After a nightmare week of cancellations that left Southwest Airlines scrambling to repair its status, the beleaguered airline appeared set to finally return to its normal schedule on Friday.
As of Friday morning, just 41 of Southwest’s flights for the day had been canceled, based on FlightAware, a flight-tracking service. A small variety of cancellations every day is typical; barring any last-minute problems, dozens of cancellations would represent a steep improvement from Thursday, when greater than 2,300 flights were canceled.
The corporate said in an announcement on Thursday that it planned to return to its normal schedule on Friday “with minimal disruptions.”
“We all know even our deepest apologies — to our customers, to our employees, and to all affected through this disruption — only go to date,” the corporate said.
The debacle began last week when a significant winter storm scrambled plans across the US, forcing many flights to be canceled during one among the yr’s busiest weeks for travel. While other airlines were in a position to recuperate in a day or two, Southwest’s problems were only starting.
On Sunday — Christmas Day — 1,635 Southwest flights were canceled, or 46 percent of its schedule for the day. That number grew to 2,908 on Monday, and stayed above 2,300 per day through Thursday.
Hundreds of passengers were left with nightmare scenarios of being unable to contact customer support or book alternative flights. Passengers described sleeping on airport terminal floors, missing Christmas plans with family or renting cars to drive greater than 10 hours home.
The problems stemmed from Southwest’s route model, which differs from that of its competitors, making it harder to place staff in place to restart operations after a disruption. (Read more about what caused the meltdown.)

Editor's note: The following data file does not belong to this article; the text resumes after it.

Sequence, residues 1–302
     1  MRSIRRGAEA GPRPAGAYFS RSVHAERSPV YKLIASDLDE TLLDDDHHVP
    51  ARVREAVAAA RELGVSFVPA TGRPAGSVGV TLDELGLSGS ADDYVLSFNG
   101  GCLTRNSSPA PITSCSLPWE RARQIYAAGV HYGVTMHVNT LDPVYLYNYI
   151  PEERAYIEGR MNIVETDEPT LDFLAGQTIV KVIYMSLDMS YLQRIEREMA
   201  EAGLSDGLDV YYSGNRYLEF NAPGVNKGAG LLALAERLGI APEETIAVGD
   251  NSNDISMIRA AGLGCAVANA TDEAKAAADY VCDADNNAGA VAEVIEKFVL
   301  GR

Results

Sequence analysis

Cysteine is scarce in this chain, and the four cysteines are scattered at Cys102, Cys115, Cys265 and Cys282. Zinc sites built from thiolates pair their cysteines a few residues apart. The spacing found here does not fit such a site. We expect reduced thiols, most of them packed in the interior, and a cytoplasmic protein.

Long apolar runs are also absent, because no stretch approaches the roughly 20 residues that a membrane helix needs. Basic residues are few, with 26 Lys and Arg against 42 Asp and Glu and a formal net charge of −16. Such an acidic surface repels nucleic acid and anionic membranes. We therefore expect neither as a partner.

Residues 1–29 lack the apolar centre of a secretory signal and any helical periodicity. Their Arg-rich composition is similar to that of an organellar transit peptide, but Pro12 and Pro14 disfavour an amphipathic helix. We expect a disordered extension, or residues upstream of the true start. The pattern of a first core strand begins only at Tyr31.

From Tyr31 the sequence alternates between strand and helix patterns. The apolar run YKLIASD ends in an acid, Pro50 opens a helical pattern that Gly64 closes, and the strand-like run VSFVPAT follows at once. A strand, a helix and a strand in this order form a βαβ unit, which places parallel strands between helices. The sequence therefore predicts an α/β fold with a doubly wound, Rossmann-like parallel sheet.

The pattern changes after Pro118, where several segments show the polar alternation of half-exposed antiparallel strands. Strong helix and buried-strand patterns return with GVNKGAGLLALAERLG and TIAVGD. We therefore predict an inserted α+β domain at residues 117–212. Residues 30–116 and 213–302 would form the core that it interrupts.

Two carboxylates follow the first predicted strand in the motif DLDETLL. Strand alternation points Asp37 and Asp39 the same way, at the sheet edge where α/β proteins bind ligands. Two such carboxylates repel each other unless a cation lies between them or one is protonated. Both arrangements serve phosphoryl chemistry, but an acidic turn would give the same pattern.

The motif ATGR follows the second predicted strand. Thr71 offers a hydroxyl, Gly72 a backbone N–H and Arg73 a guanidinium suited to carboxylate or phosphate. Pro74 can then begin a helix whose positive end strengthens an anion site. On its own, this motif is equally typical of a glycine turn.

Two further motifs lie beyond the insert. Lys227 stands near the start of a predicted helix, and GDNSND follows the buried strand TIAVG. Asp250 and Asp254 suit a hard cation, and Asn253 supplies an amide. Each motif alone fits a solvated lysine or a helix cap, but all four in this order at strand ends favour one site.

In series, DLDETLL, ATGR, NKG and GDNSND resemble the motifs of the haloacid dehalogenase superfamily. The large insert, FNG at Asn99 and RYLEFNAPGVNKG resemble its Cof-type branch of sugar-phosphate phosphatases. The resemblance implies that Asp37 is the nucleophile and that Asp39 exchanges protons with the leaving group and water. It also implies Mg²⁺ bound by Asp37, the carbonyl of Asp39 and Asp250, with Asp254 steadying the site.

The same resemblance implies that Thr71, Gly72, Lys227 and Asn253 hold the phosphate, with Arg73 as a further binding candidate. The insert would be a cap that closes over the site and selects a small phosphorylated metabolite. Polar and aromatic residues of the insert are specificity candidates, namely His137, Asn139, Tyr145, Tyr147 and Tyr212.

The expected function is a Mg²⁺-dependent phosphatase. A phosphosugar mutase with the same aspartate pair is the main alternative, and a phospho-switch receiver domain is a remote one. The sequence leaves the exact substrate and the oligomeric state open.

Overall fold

The questions now facing Southwest include learn how to win back its customers, restore its status and stop such debacles in the longer term. The corporate said on Thursday that it might be “investing in latest solutions to administer wide-scale disruptions,” but has not offered specifics.
It is going to contend with increased federal scrutiny. The transportation secretary, Pete Buttigieg, has sharply criticized the corporate in interviews and wrote to Bob Jordan, Southwest’s chief executive, on Thursday, saying the disruption was “unacceptable.” Several senators have called for investigations, and Sen. Bernie Sanders of Vermont said on Twitter on Thursday that the transportation department “must hold Southwest’s CEO accountable for his greed and incompetence.”
The meltdown could also cost the corporate many hundreds of thousands of dollars in compensation, because it sorts through how many shoppers were affected and what meals, hotel bookings and alternate transportation will likely be reimbursed.